sani Foundation trains intellectually disabled persons
Published On July 18, 2019 » 327 Views» By Times Reporter » Features
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Mubanga Nkonde who is intellectual disabled at the garden station at Sani Foundation.

By CHRISTINE MWAABA

IT has long been known that among persons with disabilities, those with intellectual disabilities continue to face challenges in relation to leading normal lives.

In fact, experts note that persons with intellectual and psychosocial disabilities are not provided with educational and vocational opportunities to meet their full potential.

This is what makes the work of the Sani Foundation in Lusaka unique as the organisation offers a place where the intellectually disabled can have a hope to attain their full potential.

This includes being able to find employment, which is central to the mission of the foundation.

What is outstanding is that the foundation would like to train more intellectually disabled persons as its capacity increases going forward and to be a beacon for the intellectually disabled in Zambia.

The foundation, which is headed by Michelle Chimuka currently, has intellectually challenged trainees who are training to get jobs or are already working through the help of the foundation.

The foundation has four training stations for the trainees that include an organic garden, a kitchen where others cook, a crafts station and a juice bar.

The purpose of the four stations is therefore to help trainers and job coaches identify what the trainees like or are good at by rotating them among the stations.

Using this information, the foundation develops profiles of each trainee which are used when finding jobs for them.

Once the trainees get to a certain level in their training, they are then transitioned to actual work. When the trainees find real work, job coaches will accompany them on their jobs to make sure they settle into the work and understand what their jobs entail.

The foundation is accessed by both the intellectually disabled and potential employers.

Micheal Chimuka at the Dice Juice Bar

Makambe Namulwanda, is the foundation’s work base training coordinator in charge of the training at the Sani Foundation says a lot of people with intellectual disabilities.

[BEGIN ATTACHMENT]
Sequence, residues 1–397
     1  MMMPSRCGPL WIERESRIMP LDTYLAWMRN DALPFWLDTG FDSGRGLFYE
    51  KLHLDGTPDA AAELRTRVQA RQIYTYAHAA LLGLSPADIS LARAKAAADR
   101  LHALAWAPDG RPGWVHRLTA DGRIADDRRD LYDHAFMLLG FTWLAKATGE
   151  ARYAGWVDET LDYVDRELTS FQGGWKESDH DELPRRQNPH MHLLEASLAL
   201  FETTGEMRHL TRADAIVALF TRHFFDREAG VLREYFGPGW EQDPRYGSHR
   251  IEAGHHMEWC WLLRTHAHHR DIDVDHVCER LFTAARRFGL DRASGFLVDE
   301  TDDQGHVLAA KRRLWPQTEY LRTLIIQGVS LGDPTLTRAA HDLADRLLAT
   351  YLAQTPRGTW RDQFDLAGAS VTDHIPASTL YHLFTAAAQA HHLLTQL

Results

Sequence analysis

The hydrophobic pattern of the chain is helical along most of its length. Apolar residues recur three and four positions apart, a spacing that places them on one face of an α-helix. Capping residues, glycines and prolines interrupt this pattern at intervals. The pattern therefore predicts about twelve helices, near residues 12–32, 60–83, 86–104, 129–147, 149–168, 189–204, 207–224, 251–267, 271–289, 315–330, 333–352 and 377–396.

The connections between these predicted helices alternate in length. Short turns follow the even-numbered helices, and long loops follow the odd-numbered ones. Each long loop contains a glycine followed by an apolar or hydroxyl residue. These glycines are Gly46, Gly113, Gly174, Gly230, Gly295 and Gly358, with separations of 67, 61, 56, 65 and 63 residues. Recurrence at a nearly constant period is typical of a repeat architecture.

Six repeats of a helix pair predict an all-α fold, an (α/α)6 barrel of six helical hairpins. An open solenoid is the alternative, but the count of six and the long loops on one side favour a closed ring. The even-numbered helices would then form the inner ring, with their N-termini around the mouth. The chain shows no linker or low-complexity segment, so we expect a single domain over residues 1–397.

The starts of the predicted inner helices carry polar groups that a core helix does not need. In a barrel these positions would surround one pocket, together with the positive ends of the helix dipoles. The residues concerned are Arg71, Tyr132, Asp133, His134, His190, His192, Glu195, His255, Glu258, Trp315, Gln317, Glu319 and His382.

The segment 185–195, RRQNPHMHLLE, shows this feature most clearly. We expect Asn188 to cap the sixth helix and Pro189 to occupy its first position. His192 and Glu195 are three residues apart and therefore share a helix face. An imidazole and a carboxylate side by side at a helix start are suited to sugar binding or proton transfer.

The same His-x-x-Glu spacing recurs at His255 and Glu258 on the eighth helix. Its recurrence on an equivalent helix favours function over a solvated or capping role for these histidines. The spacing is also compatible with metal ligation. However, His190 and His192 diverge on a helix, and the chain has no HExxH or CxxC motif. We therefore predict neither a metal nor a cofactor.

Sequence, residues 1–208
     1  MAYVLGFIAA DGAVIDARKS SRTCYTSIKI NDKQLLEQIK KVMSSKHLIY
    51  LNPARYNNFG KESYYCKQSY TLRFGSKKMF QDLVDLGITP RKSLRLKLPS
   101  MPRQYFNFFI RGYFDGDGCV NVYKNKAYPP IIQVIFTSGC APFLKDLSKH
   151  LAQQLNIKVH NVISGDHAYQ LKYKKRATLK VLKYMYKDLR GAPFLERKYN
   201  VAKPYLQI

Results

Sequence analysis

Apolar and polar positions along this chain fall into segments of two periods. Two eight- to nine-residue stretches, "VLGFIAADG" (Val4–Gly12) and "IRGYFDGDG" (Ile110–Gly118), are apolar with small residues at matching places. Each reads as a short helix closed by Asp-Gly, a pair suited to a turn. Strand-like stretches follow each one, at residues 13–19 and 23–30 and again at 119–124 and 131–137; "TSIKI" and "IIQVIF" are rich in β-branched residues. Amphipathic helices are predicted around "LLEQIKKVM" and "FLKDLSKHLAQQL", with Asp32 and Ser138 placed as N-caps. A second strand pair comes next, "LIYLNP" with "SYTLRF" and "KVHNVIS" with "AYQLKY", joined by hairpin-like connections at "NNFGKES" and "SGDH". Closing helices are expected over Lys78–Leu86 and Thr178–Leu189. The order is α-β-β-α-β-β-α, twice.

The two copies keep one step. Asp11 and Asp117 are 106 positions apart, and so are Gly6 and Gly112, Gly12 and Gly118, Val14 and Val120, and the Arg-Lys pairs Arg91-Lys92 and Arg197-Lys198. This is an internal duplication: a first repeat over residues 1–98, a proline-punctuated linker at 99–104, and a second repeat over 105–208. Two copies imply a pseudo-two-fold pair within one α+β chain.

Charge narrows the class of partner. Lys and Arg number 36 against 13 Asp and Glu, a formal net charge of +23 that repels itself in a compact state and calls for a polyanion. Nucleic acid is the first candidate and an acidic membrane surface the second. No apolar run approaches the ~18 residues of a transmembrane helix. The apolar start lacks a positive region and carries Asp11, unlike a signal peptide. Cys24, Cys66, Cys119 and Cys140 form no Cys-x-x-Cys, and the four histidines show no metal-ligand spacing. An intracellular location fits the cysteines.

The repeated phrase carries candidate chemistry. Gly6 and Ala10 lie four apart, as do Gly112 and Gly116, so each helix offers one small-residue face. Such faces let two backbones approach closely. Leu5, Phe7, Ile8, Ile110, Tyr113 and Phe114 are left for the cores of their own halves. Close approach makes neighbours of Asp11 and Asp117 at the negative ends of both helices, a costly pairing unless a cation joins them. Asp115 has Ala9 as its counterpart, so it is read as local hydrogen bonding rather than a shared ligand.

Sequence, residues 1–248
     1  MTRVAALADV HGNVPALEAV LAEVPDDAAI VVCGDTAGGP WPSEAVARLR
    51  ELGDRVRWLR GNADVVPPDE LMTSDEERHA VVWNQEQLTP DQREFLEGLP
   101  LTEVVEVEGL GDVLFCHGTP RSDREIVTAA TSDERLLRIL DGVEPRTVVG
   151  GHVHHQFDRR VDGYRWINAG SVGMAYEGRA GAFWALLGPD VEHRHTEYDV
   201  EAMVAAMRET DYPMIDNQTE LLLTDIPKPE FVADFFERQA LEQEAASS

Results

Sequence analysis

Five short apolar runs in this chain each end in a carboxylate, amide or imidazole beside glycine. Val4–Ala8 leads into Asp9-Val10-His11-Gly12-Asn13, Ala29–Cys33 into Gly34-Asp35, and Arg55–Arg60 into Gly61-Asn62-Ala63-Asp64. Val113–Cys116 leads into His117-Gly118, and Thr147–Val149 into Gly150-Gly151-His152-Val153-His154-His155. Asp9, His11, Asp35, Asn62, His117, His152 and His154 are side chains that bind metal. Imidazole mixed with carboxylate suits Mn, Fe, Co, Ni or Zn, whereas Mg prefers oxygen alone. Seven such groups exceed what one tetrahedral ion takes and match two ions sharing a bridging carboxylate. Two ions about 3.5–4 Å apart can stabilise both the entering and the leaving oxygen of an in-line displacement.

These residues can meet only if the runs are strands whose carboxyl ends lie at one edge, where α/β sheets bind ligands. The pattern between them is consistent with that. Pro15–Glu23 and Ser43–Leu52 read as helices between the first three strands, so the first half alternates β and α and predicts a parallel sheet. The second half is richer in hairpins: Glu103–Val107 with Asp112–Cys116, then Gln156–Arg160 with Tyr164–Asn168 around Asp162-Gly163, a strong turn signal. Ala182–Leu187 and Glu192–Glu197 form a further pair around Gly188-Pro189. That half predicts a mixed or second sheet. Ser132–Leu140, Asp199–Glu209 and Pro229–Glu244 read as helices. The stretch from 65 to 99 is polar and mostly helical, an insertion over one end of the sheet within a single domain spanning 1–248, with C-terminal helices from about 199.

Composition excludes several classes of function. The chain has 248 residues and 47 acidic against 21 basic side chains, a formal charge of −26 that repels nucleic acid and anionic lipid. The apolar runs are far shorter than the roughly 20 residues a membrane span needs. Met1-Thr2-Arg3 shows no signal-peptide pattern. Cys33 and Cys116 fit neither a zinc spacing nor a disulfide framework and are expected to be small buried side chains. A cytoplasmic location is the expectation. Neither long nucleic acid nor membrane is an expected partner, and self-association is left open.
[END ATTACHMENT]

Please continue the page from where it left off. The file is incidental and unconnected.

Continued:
Makambe explains that the foundation has programmes called DICE juice bar that stands for Disability Inclusive and Customised Employment and is a money-making kiosk for the Sani Foundation which is set up at different events.

Moreover, most importantly the juice bar is also a training centre which helps trainees interact and imagine actual social settings.

As a result, regardless of which station trainees begin their training from, they must eventually wind up in the juice bar.

The juice bar is therefore the trainees’ first employer because it is set up at different events where trainees are able to serve and interact with the public.
In the DICE juice bar, they are trained to make juices and smoothies. Some are fruit cutters while others are drink mixers and washers.
Trainees also learn from a cashier how to use money and the value of the money they will be making when employed.

She added that the foundation would like to train more intellectually disabled persons as its capacity increases.

Zambia Federation of employers Manager Economics and Policy Hilary Hazele says any educational training for people with intellectual disability can help them to achieve the goals.

Mr Hazele says it is inspiring to see people with intellectual disability integrated into a workplace.

“It is impressive to see how persons who have intellectual disabled are been employed and performing exceptionally if given support,” he said.

22 year Mubanga Nkonde is a dynamic youth who was diagnosed with Down syndrome and is now doing exceptionally well in the workforce after been trained by Sani Foundation in 2017.

His employed as a garden assistant at Gosner mission a job he describes as overwhelming as he is now able to financially contribute to the family in a little way.

According to the World Health Organisation, about two million people in Zambia are disabled, translating into about 15 percent of the population. Majority of these people live in poverty

The World Health Organisation (WHO) reports on mental health indicate that the majority of development and poverty alleviation programmes do not reach persons with mental or psychosocial disabilities.

In low and middle income countries, between 75 and 85 percent people do not have access to any form of mental health treatment because health systems have not yet adequately responded to the challenge.

Mental and psychosocial disabilities are associated with rates of unemployment as high as 90 percent.

Today, the employment of people with disabilities is seen not only as a civil rights issue but also as a practical way to increase productivity and access to a broader pool of skilled workers.

Joshua Masona working at Gosner mission as a gardener assistant

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